More details about the 'Novel Exploration of Inequality' project are available from: The Equality Trust.

24 January 2015

Contesting Dystopian Visions

Dystopian stories in novels, films and TV drama, have become fashionable of late. But while they compete in painting nightmarish scenarios of our future, they do not provide a shared vision of what the source of the imminent threat is. That is to be expected if one looks back on the history of dystopian writing. Some have focused on the restrictions placed on individuals – e.g., nameless subjects of a totalitarian state in the case of Zamyatin, or wealthy business executives in the case of Rand. Others have presented a dire fate for humanity resulting from some unexpected disaster – e.g., the arrival of the new-born in Wyndham’s ‘The Midwich Cuckoos’, or what preceded the journey recounted in McCarthy’s ‘The Road’.

However, one strand that runs from Wells’ ‘Time Machine’, through London’s ‘The Iron Heel’, Huxley’s ‘Brave New World’, Lewis’ ‘It Can’t Happen Here’, King’s ‘The Running Man’, to Atwood’s ‘The Year of the Flood’, shows that there is a core theme that many dystopian writers are concerned with – namely, the ruthless demarcation of society into the wealthy elite and the vulnerable masses. Of course they weave their contrasting accounts of how the pervasive divisiveness give rise to different kinds of problem – self doubt or even self loathing; starvation; resentment and hatred; environmental destruction; ending of the rule of law. And they come up with strikingly diverse responses – armed rebellion; drug-induced contentment; socio-biological transformation; and suicidal retaliation.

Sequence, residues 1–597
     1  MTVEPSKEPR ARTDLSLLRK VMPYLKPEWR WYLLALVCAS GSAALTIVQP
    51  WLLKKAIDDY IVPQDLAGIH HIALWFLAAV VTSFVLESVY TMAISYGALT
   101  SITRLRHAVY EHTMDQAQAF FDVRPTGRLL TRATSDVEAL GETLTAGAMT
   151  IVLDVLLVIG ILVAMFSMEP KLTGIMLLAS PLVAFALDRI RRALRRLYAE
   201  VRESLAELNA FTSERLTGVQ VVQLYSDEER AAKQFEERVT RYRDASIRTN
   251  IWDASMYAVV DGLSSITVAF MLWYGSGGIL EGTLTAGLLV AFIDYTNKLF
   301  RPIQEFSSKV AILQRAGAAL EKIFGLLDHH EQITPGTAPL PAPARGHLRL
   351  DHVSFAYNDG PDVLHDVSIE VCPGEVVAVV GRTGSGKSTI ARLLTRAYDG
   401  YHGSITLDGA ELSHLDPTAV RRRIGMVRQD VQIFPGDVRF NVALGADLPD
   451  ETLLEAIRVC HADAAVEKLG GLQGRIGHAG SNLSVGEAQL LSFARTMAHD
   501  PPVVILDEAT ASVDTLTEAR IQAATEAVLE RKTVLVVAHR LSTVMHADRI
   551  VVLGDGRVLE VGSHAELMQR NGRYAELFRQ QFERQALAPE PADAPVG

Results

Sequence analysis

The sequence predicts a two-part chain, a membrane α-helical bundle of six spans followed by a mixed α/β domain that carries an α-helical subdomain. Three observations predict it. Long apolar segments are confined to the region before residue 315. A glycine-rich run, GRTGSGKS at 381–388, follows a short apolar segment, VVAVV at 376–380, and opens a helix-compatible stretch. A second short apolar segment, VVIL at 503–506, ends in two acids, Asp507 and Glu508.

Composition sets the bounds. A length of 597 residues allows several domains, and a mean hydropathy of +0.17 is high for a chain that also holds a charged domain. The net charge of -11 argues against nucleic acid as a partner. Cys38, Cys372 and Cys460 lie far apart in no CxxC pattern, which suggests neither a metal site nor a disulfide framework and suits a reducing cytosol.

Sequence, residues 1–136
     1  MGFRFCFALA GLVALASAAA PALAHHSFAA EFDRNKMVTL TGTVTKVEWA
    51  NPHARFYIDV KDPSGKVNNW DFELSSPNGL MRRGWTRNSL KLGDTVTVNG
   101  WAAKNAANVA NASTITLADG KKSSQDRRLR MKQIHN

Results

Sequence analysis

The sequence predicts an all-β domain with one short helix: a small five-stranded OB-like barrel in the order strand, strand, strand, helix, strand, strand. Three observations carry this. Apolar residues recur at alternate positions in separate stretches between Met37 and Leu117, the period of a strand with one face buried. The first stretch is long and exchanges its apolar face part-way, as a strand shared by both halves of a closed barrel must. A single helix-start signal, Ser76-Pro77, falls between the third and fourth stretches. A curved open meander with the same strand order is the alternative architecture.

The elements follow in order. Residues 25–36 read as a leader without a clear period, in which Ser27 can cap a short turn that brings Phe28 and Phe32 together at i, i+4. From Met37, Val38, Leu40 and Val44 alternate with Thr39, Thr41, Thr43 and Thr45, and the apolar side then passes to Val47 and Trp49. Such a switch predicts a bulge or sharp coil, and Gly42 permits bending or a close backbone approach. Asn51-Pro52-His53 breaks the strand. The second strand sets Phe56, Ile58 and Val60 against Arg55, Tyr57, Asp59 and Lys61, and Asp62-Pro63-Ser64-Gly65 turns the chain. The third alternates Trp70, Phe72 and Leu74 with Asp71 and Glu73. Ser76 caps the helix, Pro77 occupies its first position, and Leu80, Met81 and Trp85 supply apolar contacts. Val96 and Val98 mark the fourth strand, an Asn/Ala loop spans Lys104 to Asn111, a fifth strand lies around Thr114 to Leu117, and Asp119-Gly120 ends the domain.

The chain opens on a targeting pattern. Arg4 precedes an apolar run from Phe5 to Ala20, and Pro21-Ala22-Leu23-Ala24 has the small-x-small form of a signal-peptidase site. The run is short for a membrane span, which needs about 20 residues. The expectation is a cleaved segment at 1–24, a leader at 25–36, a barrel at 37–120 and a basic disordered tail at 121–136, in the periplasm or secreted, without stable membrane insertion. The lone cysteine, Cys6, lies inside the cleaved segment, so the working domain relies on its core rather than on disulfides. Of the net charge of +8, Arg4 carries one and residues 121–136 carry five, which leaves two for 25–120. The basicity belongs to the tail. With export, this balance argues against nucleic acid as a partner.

The reason why dystopias about wealth-driven fissures in society resonates with me most is that at the dawn of the 21st century, the inexorable expansion of corporate power is simply the biggest threat to our wellbeing. It is already pushing people into self-numbing consumerism, soul-crushing poverty, or in other cases, seething anger against the prevailing order. It is also fuelling unprecedented profit-led environmental destruction, and paving the way for plutocratic governments that will exclusively serve the rich and impose stringent controls over the rest. Unless writers and activists rouse the public to reverse its hegemony, the worst of all possible dystopias will be upon us soon.

02 January 2015

A Novel Indictment of Neoliberalism

Neoliberalism is nothing more than a fig leaf to cover up the most shameless campaign to reverse the democratic distribution of power, and hand ever more control and resources to the wealthy corporate elite.

Whitehall through the Looking Glass is a dystopian novel that shows what could happen if the current trends of rewarding the privileged and scapegoating the vulnerable were allowed to continue.

Frances O'Grady, the General Secretary of TUC (Trades Union Congress), has described it as “a timely reminder of the dangers of the rapidly-accelerating corporatisation of our political and economic life. With private firms increasingly running our NHS and administering welfare, so many of the services we cherish are at risk from the profit motive. From utilities to railways, we’ve already seen how the interests of shareholders and bosses trump those of workers, service users and taxpayers. As the general election approaches, Tam’s book is an important reminder of the risks of crude neoliberal ideology”.

The novel is available in both e-book and paperback format:
E-book version: Amazon UK or Amazon US
Paperback version: Barnes & Noble or CreateSpace